In adoption, there is often trauma. I've heard tales of adoption stories that have happy endings, whole children that grow up to love both of their mothers, stronger for it instead of weaker. But once again, that's not the case for me. Sissy is forever traumatized, and because their mother is challenged, so are both Sissy and Aspie Boy. And Wonder Girl endures it because what else could she do? When The Dad and I were naive and not yet married, we thought we'd like five children. We only have three and as much as it would be tempting to adopt again, the uncertainty, the risk and the fear that we will have more traumatized and challenged children has prevented it. So we grieve again. We grieve that our children need so much extra. We grieve that their needs are so great that it has altered our life and our plans. We grieve that we are so jaded on this road of parenthood that we aren't likely to adopt again.
I wrote a few weeks ago about the first time Sissy injured me. Last weekend I was pouring over my written journals and found an entry written on the day that she had bitten me.
The Plight of the Barren Woman
I adopted Sissy knowing I adopted her despite the possibility of Sissy becoming mentally challenged like her first mom. I did it because I'm barren and I desperately wanted a child to love. The thought has haunted me that Sissy might be unwell too. For the love of a child, I have invited this trauma into my home and my life. Fertile women told me "well, you can adopt. there are lots of children that need loving parents." Sure, that's easy to say when you can give birth to children that look like you, when you don't ever feel like a cradle robber or a baby stealer, when you can be nearly certain that your child will be "normal." So are all the barren women of the world just to lie down and surrender to loving the unlovable because we can't get anything different? What a cruel fate! Barren by chance, doomed forever to suffer grief and sorrow and unwittingly taking on traumatized children just to be called "mother". Adoption is callous, heartless and unfeeling to both the orphan and the barren. The adopted child becomes a generic, second and less desirable option and the barren woman becomes a pitiable, second-rate mother of the unlovable. THAT is the plight of the barren woman.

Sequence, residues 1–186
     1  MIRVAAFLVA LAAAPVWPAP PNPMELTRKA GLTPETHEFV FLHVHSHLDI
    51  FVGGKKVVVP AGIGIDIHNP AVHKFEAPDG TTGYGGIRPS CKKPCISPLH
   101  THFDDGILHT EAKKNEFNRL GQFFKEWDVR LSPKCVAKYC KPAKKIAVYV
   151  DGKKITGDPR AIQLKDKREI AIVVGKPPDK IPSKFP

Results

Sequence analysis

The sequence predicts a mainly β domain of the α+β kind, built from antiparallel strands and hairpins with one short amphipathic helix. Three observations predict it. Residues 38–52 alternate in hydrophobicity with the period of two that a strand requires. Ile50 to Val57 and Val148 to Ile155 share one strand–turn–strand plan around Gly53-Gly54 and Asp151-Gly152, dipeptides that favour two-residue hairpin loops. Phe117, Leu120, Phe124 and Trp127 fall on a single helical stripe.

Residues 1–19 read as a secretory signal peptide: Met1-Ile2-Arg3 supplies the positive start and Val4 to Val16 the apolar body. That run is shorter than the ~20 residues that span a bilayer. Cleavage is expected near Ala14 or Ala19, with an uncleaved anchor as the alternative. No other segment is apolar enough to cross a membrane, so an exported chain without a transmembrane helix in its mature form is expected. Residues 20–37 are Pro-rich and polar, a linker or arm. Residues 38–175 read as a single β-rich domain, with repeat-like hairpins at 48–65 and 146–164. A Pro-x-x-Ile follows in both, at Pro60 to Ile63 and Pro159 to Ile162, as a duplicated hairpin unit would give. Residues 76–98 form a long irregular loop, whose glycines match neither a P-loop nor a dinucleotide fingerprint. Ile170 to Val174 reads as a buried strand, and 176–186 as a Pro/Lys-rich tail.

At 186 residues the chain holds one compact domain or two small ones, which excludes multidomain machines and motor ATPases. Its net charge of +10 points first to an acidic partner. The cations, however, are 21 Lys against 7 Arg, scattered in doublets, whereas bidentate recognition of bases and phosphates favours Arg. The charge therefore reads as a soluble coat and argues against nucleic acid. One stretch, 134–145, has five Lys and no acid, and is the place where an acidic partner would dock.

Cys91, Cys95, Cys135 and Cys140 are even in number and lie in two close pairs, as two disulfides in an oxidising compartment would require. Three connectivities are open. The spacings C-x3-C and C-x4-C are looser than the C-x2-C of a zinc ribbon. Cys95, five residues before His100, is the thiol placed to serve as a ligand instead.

Lastly, as yesterday's post pointed out, when raising traumatized children, we are forced to grieve once more, because we are faced with the loss of what could have been, what friends we might have had, what careers, what financial securities, what hope for our challenged child's future, what indignities we endure as we are always subjected to defending our characters to first home study workers, then lawyers, then judges then the unending stream of therapists, doctors, teachers, and other "professionals" that claim to know what's best for a child. We grieve that despite our choice to adopt a child so that we might have someone to love, we learn that the RADish is even challenged in finding a way to love us back. We grieve that despite our constant, unyielding efforts to guide and nurture, our RADish still doesn't know how to trust us and instead, steals our trust in them.
So on this Mother's Day, I don't wish for you roses, candies and a breakfast in bed. I don't wish that you will laugh your tears away. I wish that you would have the chance to mourn that which you believe you have lost, forfeited, surrendered or forsaken all for the love of a challenged and traumatized child.